Royalty-free industry specifications are needed to enable Web services to fulfill its potential as a mechanism for business process integration on a massive scale, Sun Microsystems officials stressed during a Sun "Chalk Talk" session in San Francisco on Thursday.
Any requirement that specific vendors be paid royalties for use of their technologies in standardized Web services specifications could stifle the growth of Web services, said Mark Bauhaus, Sun vice president of Java Web services. Sun wants its royalty-free position to be accepted by other members of the Web Services Interoperability Organization (WS-I) and is running for election to a seat on the WS-I governing board in March.
Specifically, Microsoft and IBM need to embrace royalty-free Web services, specifications, according to Bauhaus.
With the vast increase in devices accessing the Internet, which could eventually number into the billions, and the low cost of Internet access, Web services are poised for dramatic growth as a business process integration mechanism for a variety of applications, Bauhaus said, but Web services must be royalty-free and based on open standards, and specifications must be converged. "The headlines that we're writing now are about Web services. Is it going to be royalty-free or is someone going to hijack it?" Bauhaus said.
He noted that IBM and Microsoft have produced a proposed specification for automating interaction between Web services, called Business Process Execution Language for Web Services (BPEL4WS). This proposal has not yet been submitted to a standards organization. Sun has a competing proposal, Web Services Choreography Interface (WSCI), being examined by the World Wide Web Consortium (W3C).
While acknowledging IBM's intention to provide its technologies royalty-free for BPEL4WS, Bauhaus said IBM has not committed to such a royalty-free stance for all specifications and noted that Microsoft has not even done this for BPEL4WS. "We've got to keep Microsoft and IBM honest to the industry," said Mark Herring, Sun senior director of Software Business. "If these things get hijacked [via royalty requirements], Web services as we imagine won't happen."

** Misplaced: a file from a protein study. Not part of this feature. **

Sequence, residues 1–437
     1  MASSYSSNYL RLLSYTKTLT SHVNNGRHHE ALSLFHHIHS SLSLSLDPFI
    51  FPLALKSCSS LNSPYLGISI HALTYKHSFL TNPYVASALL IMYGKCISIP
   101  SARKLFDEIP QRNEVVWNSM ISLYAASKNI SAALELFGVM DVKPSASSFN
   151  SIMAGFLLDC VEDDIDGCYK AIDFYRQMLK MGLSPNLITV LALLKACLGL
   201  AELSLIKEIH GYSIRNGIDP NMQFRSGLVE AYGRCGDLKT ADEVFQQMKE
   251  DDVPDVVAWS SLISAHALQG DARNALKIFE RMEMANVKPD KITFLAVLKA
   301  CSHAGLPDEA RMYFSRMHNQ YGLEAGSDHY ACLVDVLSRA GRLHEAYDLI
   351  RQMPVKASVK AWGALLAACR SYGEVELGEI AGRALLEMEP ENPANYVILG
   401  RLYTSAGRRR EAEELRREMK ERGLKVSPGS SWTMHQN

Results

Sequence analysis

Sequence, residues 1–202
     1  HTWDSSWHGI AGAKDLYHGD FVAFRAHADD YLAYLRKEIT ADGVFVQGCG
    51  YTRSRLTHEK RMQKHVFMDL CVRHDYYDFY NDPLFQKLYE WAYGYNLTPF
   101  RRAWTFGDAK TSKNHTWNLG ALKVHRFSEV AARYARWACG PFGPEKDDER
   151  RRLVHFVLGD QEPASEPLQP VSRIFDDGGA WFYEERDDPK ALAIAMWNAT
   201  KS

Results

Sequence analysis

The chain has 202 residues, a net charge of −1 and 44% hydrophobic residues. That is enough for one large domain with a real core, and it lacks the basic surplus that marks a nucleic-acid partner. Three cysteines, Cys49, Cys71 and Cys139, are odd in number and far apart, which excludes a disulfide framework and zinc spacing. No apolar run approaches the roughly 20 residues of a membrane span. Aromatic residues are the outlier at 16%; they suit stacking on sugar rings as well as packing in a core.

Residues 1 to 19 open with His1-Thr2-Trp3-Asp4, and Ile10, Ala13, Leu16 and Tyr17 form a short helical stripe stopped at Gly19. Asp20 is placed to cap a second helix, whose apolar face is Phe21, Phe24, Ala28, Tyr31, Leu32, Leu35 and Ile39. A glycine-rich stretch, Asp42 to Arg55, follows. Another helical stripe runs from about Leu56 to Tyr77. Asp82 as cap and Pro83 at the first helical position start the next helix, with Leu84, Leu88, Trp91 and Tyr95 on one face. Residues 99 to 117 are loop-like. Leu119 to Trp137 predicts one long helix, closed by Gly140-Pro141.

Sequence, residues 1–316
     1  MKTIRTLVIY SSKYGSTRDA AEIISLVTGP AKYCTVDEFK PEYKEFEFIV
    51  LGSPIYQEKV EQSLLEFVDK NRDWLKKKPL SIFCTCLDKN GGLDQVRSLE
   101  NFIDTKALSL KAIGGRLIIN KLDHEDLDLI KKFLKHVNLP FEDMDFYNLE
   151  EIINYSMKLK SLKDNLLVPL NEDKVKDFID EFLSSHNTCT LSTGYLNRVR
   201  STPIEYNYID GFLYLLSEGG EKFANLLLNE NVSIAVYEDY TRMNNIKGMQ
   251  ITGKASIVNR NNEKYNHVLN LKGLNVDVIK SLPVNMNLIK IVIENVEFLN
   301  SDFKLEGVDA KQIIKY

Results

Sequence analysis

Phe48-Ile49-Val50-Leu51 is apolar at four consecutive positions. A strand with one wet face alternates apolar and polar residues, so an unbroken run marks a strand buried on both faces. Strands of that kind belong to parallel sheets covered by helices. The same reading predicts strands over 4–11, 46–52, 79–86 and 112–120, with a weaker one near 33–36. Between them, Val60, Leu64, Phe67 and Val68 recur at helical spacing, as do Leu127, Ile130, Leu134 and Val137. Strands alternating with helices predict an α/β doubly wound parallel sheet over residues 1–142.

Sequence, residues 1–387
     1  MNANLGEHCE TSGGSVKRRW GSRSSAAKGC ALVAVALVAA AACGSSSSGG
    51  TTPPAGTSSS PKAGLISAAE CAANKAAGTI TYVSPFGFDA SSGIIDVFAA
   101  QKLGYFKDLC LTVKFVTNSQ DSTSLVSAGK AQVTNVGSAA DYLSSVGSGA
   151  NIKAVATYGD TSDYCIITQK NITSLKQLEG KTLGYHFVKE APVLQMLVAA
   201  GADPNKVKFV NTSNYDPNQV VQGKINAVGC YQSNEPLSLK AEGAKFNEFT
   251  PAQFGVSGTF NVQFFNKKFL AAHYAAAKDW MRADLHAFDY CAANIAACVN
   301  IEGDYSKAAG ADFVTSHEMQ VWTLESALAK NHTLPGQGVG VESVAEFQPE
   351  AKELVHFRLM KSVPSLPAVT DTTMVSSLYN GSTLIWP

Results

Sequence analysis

Requiring royalties will prompt a search for alternatives, Bauhaus added. "The fact is, today we don't have clear statements from all the key players they will be royalty-free," said Bauhaus.
An IBM representative, in response to an inquiry Thursday about the company's stance on royalty-free Web services specifications, released this statement: "IBM has already committed to royalty-free licensing on Web services specifications like SOAP, WSDL, and BPEL4WS, and we participate very actively in open-source implementations. We explore everything on a case-by-case basis."
A Microsoft representative released this statement Thursday: "Microsoft's overarching goal is broad adoption of advanced Web services specifications. [Microsoft officials] can't make a blanket statement about licensing provisions as different specifications have different underlying technologies and different standards bodies have different licensing policies. Microsoft has made major technologies such as SOAP and WS-Security available without royalties and will continue to comply with the intellectual property licensing policies of the various standards bodies with whom we work."
Sun announced intentions to join WS-I last October after initially being shut out of the organization's formation a year ago. Microsoft and IBM were the major founders. WS-I is intended to be an open industry effort to promote Web services interoperability across platforms, applications, and programming languages.
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